Cabinet to consider duty cut
A proposal to cut import duty on luxury products to 5% from 30% is set to go before the cabinet for approval by the end of next month, finance permanent secretary Areepong Bhoocha-oom said yesterday.
However, Somchai Sujjapongse, director-general of the Finance Ministry’s Fiscal Policy Office (FPO), said the government could put the issue on the back burner, as such items could be included in Asean-EU free trade agreement negotiations.
Mr Areepong said if the tax cut wins the cabinet’s nod, it will be implemented in time for the peak tourism season.
He said he has discussed the issue with Deputy Finance Minister Benja Louichareon, who has changed her mind to agree with his idea to trim taxes.
Mr Areepong early this month floated the idea of scrapping import duties on luxury goods such as watches, clothing, perfumes and cosmetics by year-end to help the country compete with Singapore and Hong Kong as a shopping paradise.
The tax cut is also a measure to boost economic growth, as domestic consumption, private investment and exports remain weak.
Mrs Benja had opposed a tax waiver or tax cut, saying the move could be harmful to Thai manufacturers.
Policymakers, manufacturers and retail operators have been divided on the issue.
Mrs Benja said the government should cut import duties on luxury products if it reinforces purchasing power.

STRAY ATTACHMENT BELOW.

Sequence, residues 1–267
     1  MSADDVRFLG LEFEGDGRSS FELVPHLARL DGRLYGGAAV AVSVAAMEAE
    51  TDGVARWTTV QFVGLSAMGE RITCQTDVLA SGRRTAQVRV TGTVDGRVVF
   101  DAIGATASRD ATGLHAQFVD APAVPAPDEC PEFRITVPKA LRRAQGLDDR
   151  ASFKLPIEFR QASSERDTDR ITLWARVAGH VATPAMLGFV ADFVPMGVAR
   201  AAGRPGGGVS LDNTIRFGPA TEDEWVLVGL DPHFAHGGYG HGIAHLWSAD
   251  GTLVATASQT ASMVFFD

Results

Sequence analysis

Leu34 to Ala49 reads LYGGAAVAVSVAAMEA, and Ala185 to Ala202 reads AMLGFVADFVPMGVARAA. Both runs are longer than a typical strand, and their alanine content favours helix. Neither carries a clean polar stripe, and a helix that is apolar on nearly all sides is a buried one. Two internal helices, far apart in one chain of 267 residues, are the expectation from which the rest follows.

Luxury products have low price elasticity, so any changes in price have little effect on demand, she said.
However, she does not want the ministry to reveal tax cuts for specific products, as it could cause short-term demand disruption as consumers await an announcement on tax reductions.
Mr Somchai said the government is in no hurry to slash taxes, as a waiver on import duties on luxury items will be discussed under the framework of the Asean-EU free trade negotiations.
The effects of the tax cut on manufacturers is the FPO’s greatest concern.
Mr Somchai said Thailand cannot be compared with Malaysia, which has already scrapped import duties on luxury goods, as Thailand has many more small and medium-sized enterprises and some are not strong enough to compete with global brand names.
The FPO will summon operators to find out how to alleviate the impact of tax cuts, he said, adding that one solution may be to cut import duties on raw materials to reduce manufacturers’ costs.